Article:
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GE Releases "Remembering Dennis Dammerman" Honoring Former Executive

July 25, 2013, 07:04 AM
Filed Under: Industry News

GE released the following eulogy in honor of Dennis Dammerman, the youngest CFO in GE history, who passed away this week at the age of 67.

In 1982, a math graduate with a fresh MBA from Harvard walked into the office of a young GE executive named Dennis Dammerman for a job interview. “He was the best guy I saw that day,” Dammerman remembered in a book. He was so impressed by the candidate’s poise that he sent his job application straight to the managers. He did not want it to “get lost in the mix.”

Dennis Dammerman was the youngest CFO in GE history and one of Jeff Immelt’s mentors.
The job seeker was Jeff Immelt, now GE chairman and CEO. Dammerman, who in 1984 became the youngest CFO in GE history, became one of Immelt’s key mentors. Dammerman spent 38 years with GE as an executive, board member and vice chairman, until his retirement in 2005. His family said that he died this week. He was 67.

“I will always be grateful to Dennis for the time he took to help me when I became CEO,” Immelt said in a note to employees. “He was a great mentor, coach and partner. He had keen business acumen and sound judgment. He was tough-minded and direct but also incredibly generous with his time and advice. There were many times when I faced tough decisions that I knew that Dennis would have the right answer.”
Dammerman joined GE in 1967, after graduating from the University of Dubuque. He served as a financial executive in several GE businesses, including GE Appliances, GE Lighting and GE Capital. He was just 38 years old when Jack Welch chose him to be GE’s chief financial officer.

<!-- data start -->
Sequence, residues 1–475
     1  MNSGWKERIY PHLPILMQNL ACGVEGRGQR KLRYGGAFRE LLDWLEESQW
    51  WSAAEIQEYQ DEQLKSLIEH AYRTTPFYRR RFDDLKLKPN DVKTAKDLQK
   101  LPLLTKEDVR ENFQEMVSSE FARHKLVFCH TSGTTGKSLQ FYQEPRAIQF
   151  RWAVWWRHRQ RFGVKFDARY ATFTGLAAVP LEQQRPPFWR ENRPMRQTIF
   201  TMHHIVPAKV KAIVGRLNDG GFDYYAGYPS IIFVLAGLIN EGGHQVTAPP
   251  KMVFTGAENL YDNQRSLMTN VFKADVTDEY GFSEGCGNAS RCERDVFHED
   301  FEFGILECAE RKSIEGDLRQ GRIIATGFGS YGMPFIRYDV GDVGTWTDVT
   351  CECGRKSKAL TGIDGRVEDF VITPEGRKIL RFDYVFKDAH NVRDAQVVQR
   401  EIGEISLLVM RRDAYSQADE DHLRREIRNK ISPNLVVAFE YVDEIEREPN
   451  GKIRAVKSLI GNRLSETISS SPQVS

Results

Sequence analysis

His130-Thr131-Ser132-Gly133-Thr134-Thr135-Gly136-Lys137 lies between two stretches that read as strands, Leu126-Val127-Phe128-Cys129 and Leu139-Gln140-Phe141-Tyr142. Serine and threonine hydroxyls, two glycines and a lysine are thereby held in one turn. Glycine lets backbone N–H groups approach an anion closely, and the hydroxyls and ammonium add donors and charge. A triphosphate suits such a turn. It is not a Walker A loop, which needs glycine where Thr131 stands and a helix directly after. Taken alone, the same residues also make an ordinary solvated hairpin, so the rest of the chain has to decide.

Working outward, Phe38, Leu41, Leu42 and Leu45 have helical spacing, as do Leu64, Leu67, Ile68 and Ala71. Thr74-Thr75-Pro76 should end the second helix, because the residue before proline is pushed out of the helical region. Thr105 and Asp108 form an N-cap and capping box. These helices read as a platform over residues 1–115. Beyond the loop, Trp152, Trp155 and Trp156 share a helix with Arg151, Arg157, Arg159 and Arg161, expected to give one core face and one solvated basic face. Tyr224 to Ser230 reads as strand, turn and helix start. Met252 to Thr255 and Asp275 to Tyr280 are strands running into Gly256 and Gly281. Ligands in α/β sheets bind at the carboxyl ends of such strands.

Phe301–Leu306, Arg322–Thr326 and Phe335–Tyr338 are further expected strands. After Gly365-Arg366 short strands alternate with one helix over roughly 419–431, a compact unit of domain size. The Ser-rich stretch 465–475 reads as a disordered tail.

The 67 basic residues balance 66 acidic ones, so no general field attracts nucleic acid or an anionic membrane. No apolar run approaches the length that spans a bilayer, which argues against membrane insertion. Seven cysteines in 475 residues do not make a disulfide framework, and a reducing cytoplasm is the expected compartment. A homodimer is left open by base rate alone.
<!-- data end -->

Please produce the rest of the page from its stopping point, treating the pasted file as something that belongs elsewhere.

“Dennis set the gold standard for financial leadership development,” said Keith Sherin, GE vice chairman, and chairman and CEO of GE Capital. Sherin succeeded Dammerman as CFO of GE in 1998. “He trained an entire generation of GE financial leaders, and we all owe him a debt of gratitude.”
In 1994, Dammerman stepped into the role of Chairman and CEO of the investment firm Kidder Peabody and steered it through a difficult transition. He stayed on as GE CFO during this period.
Dammerman left the CFO post in 1998 to lead GE Capital. “Dennis was a terrific friend and one of the smartest people I’ve ever met,” said Mike Neal, former chairman and CEO of GE Capital.
In 1998, CFO magazine gave Dammerman the first-ever “Lifetime Achievement Award for CFO Excellence.” The editors wrote that the award recognized “someone who, over the course of his tenure has effectively changed the perception of what finance is and what it can be, and who is universally respected and admired by his peers.”
Dammerman was elected to GE’s board of directors in 1994. He later became the board’s vice chairman.

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